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Lipid Profile of Anti???Retroviral Treatment???Naďve HIV???Infected Patients in Jos, Nigeria


Daniyam CA, Iroezindu MO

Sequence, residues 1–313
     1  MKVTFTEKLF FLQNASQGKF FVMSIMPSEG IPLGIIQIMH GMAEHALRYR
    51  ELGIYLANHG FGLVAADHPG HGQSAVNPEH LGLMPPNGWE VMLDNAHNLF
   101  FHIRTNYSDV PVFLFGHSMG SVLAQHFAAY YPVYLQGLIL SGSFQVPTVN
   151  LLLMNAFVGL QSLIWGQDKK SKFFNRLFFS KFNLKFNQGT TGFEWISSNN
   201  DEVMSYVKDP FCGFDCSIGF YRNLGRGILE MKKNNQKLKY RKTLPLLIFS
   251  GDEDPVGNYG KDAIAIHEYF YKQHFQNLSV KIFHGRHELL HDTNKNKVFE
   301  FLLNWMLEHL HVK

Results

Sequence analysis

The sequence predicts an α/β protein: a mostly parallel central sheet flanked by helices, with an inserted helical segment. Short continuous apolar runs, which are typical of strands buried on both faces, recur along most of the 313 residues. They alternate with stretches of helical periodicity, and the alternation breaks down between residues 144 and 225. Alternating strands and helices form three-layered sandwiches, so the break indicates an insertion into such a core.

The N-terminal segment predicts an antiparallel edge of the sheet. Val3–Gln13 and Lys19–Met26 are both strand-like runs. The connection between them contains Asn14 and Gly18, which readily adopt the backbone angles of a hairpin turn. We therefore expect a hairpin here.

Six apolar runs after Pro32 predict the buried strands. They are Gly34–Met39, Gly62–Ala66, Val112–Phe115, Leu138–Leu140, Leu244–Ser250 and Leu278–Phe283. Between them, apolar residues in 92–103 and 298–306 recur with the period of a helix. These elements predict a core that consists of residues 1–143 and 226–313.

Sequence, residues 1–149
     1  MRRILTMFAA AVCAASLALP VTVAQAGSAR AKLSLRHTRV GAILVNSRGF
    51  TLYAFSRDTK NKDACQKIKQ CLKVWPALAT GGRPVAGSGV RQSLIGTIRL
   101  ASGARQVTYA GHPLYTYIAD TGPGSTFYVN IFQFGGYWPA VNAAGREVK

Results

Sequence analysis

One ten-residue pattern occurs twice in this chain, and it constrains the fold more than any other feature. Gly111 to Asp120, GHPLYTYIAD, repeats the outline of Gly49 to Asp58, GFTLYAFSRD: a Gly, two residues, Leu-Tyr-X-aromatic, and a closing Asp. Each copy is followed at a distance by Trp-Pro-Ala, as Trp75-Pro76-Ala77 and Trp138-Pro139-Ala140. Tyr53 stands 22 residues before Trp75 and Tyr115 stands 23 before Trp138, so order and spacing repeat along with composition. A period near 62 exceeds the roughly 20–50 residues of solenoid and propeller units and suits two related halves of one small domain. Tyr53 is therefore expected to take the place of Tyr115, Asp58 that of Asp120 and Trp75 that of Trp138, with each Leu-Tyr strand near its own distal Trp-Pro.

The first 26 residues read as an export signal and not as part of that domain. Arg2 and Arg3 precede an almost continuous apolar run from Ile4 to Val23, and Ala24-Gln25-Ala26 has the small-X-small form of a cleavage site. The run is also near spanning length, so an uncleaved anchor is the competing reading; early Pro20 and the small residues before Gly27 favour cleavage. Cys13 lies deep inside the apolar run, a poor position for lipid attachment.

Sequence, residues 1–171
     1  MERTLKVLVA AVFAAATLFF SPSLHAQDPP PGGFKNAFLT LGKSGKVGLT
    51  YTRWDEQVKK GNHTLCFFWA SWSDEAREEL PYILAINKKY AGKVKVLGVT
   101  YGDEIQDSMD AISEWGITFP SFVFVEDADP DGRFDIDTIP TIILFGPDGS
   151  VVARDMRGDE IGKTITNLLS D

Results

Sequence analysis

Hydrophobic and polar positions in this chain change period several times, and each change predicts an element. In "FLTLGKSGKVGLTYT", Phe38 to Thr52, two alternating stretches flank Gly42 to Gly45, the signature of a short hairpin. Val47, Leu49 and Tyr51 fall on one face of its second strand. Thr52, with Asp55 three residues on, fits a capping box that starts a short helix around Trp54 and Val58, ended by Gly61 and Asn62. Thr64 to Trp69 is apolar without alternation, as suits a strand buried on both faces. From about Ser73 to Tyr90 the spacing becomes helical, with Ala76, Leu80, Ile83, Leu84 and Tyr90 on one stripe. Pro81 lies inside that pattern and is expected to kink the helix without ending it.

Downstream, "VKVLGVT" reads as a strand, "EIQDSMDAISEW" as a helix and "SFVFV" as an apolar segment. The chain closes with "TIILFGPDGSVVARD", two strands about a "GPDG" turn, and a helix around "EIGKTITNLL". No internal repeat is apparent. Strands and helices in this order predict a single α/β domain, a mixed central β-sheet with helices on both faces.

Background: Human immunodeficiency virus (HIV) infection and its treatment are associated with lipid abnormalities. Data on lipid profile of treatment‑naïve HIV‑infected patients in Nigeria are limited, and available studies did not exclude the role of major host‑related risk factors for dyslipidemia. Aim: We assessed the lipid profile of normotensive, non‑diabetic, and non‑obese treatment‑naïve HIV‑infected patients to identify their abnormalities in comparison with age‑ and sex‑matched HIV‑negative control. Subjects and Methods: One hundred and six normotensive, non‑diabetic, and non‑obese HIV positive patients and 98 age‑and sex‑matched HIV‑negative controls had lipid profile estimation in the fasting state. The CD4+ cell count of the HIV‑infected patients was also quantified. Results: The median (IQR) triglyceride was significantly higher in HIV‑positive patients than in the controls [1.75 (1.30‑2.40) mmol/L vs. 1.55 (1.30‑1.90) mmol/L, P = 0.01]. HIV‑positive patients also had significantly lower mean total cholesterol, TC [4.18 (1.04) mmol/L vs. 4.64 (1.01) mmol/L, P = 0.001] and HDL‑C [1.17 (0.35) mmol/L vs. 1.29 (0.43) mmol/L, P = 0.03]. The mean LDL‑C [2.20 (0.87) mmol/L vs. 2.19 (0.75) mmol/L, P = 0.97] and TC/HDL‑C ratio [3.95 (1.42) vs. 3.84 (1.14) mmol/L, P = 0.52] were similar between the HIV‑positive patients and controls. The HIV‑infected patients had a significantly higher proportion of subjects with low HDL‑C [36.8% (39/106) vs. 23.5% (23/98), P = 0.04] and hypertriglyceridemia [31.1% (33/106) vs. 11.2% (11/98), P = 0.001] while the controls had significantly higher proportion of subjects with hypercholesterolemia [22.4% (22/98) vs. 10.4% (11/106), P = 0.02]. Lower HDL‑C was associated with CD4+ cell count < 200 cells/μL (P = 0.02). Conclusion: Lipid abnormalities are common in treatment‑naïve HIV‑infected patients even in the absence of major host‑related risk factors for dyslipidemia. HIV‑infected patients should, therefore, be routinely screened for lipid disorders before commencement of anti‑retroviral therapy.

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